An Action-Thriller of a Political Documentary
#40: Hooligan Sparrow (2016/English and Mandarin, with English subtitles)
Director: Nanfu Wang
Street Date: December 13, 2016/KINO LORBER
To be a political activist in an authoritarian society takes great courage. It also takes courage in such a society to document that activism, as Nanfu Wang’s first film, Hooligan Sparrow, demonstrates. Ostensibly a profile of the feminist activist Ye Haiyan (who goes by the name Hooligan Sparrow), this film winds up being as much as anything a testament to the difficulty of its own creation.
Ye is a single parent, a women who “discovered” feminism in 2005 and who has taken the path of the prophet/activist, embodying protest in ways that are impossible to ignore and guaranteed to offend. She garnered headlines in 2010 when, as part of her advocacy for sex workers, she provided sexual services in a brothel for free for two days. Ye has also used nudity in photos posted for political messaging, including a 2014 photo advocating for a U.N. discussion on women’s rights in China. That photo earned her 10 days in jail for “intentionally displaying nudity in a public space” (Ye’s personal Sina Weibo account).
“Hooligan Sparrow” is a gripping reminder of how precious the right to protest is, and how far authoritarian systems will go to silence dissent.
Hooligan Sparrow follows Ye through the aftermath of a different protest – for children’s rights – after a schoolmaster and government official were accused of raping six young schoolgirls, with a tepid response from the authorities. Ye organized a public protest against the crimes, and in her usual audacious style held up a sign saying, “Principles: if you want to get a room, come find me. Leave the girls alone.”
We take for granted the right to protest in this country, even as we argue over taking a knee during the anthem, or blocking the construction of a pipeline, or just exactly which lives matter. But Hooligan Sparrow is a gripping reminder of how precious that right to protest is, and how far authoritarian systems will go to silence dissent. Ye is hounded from place to place because of her activism, threatened by police and nameless thugs alike, evicted from her apartment, and in one heartbreaking shot, left stranded in the middle of the road with all her belongings. Ye’s young teen daughter, Yaxin, is also subject to this mistreatment, but still has a surprisingly stoic attitude toward seeing Ye threatened, arrested, and even beaten. Yaxin’s internal fortitude surely must come from her mother: Ye is fiery in her work, but also funny and gregarious; a warm and affectionate mother whose youthful face belies her age (late 30s during the making of this film.) The emotional toll of fighting a Goliath seems to fall more on Ye’s lawyer and fellow activist, Wang Yu. She advocates tirelessly for Ye when she is detained, filing appeals she knows will be ignored. Wang Yu believes that speaking for human rights matters, even when there is no victory in sight. In a gut-wrenching coda to Hooligan Sparrow, text on screen informs viewers that Wang Yu was arrested along with a number of other human rights lawyers in the summer of 2015, and at the time of the film’s release a year later remained in detention.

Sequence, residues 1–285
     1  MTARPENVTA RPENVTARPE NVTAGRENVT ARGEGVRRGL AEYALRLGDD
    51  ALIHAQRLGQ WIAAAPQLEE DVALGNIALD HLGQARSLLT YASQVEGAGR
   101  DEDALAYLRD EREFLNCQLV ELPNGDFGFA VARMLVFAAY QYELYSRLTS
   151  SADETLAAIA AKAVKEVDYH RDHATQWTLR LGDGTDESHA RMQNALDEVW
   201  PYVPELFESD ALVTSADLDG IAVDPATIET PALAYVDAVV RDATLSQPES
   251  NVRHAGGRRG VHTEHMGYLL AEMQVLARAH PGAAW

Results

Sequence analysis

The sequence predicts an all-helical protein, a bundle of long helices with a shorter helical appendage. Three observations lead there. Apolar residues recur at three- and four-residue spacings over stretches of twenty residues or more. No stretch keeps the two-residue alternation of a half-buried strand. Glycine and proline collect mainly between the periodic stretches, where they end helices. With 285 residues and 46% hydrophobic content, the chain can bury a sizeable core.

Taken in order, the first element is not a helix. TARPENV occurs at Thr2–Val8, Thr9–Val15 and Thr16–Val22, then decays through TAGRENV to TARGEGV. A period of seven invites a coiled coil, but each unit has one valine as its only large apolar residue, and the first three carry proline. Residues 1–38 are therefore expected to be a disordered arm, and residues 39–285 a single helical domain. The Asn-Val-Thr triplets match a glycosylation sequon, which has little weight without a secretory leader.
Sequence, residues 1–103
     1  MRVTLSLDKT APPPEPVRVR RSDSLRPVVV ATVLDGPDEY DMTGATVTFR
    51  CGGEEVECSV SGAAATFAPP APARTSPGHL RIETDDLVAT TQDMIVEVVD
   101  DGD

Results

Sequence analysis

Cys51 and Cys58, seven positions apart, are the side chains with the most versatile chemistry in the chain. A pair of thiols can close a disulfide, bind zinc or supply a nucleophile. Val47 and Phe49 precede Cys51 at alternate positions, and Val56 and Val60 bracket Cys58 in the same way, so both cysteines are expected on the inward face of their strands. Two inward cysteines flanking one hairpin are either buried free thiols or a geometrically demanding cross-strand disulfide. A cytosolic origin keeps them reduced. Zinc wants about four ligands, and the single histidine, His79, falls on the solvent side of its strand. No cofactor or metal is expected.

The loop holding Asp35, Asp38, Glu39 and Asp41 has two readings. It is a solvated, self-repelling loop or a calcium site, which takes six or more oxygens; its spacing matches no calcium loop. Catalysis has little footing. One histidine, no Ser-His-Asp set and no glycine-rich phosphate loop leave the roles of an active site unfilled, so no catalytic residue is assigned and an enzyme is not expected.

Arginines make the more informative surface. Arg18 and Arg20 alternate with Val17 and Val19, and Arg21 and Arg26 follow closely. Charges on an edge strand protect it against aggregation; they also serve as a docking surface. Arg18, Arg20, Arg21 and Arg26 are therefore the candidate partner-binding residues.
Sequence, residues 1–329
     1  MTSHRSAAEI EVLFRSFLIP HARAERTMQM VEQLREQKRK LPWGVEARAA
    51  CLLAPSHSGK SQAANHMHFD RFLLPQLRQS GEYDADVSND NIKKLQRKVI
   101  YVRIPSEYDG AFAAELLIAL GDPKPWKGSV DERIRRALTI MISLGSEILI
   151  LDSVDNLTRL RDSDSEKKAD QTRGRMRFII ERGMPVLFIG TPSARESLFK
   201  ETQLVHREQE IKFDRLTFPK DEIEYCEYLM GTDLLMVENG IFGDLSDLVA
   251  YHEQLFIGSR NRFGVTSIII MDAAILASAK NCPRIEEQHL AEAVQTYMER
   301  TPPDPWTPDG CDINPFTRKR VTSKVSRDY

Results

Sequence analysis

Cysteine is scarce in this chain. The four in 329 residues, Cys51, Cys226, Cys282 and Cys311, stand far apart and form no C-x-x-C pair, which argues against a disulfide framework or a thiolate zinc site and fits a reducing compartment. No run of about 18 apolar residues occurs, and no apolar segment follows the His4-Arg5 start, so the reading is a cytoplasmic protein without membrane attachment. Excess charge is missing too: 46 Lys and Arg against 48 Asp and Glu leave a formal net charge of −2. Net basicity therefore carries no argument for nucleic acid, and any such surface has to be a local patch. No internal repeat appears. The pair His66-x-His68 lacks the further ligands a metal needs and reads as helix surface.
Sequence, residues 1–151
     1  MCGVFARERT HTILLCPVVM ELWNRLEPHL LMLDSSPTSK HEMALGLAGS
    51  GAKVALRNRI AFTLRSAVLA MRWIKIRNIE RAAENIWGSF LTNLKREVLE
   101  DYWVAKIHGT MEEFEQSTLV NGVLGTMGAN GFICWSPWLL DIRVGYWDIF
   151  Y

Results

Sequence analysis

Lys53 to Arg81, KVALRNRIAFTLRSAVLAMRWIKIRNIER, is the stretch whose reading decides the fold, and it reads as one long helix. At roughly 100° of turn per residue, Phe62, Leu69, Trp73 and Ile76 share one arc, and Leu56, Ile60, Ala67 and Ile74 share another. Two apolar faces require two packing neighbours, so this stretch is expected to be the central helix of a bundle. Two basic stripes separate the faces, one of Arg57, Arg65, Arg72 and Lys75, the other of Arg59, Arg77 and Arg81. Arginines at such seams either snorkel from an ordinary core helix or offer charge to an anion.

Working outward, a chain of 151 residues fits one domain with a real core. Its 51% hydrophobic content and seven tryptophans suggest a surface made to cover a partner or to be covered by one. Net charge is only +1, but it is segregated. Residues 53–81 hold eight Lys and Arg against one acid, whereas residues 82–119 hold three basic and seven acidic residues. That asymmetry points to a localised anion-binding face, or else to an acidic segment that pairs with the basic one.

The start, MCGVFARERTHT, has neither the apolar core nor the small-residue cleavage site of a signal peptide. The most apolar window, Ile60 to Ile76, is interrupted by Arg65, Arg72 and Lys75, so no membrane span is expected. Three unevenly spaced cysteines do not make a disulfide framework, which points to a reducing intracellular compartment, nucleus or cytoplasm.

Ye, Yaxin and Wang Yu all display their varied styles of heroism throughout Hooligan Sparrow, but so does Nanfu Wang, who is repeatedly harassed and has to fight to save her film and camera. Ultimately, the camera is lost, but enough film is preserved to have made this documentary. Chaotic scenes of the film maker trying to flee the police or fight off assailants are genuinely frightening to watch (the propulsive music is effective, but almost unnecessary under such circumstances). Nanfu Wang knew that making this film was dangerous, but like the lawyer, Wang Yu, and the activist, Ye Haiyan, Nanfu Wang believes bearing witness matters. As she says near the end of Hooligan Sparrow, “When you are repressed and defenseless, the only thing you can do is document the atrocities.” Most Americans have no idea what kind of courage is required to speak and keep on speaking when the power of the state is against you. In a time of rapid and unpredictable political change we might have some things to learn from Nanfu Wang, “Hooligan Sparrow” and the other brave activists featured in this film.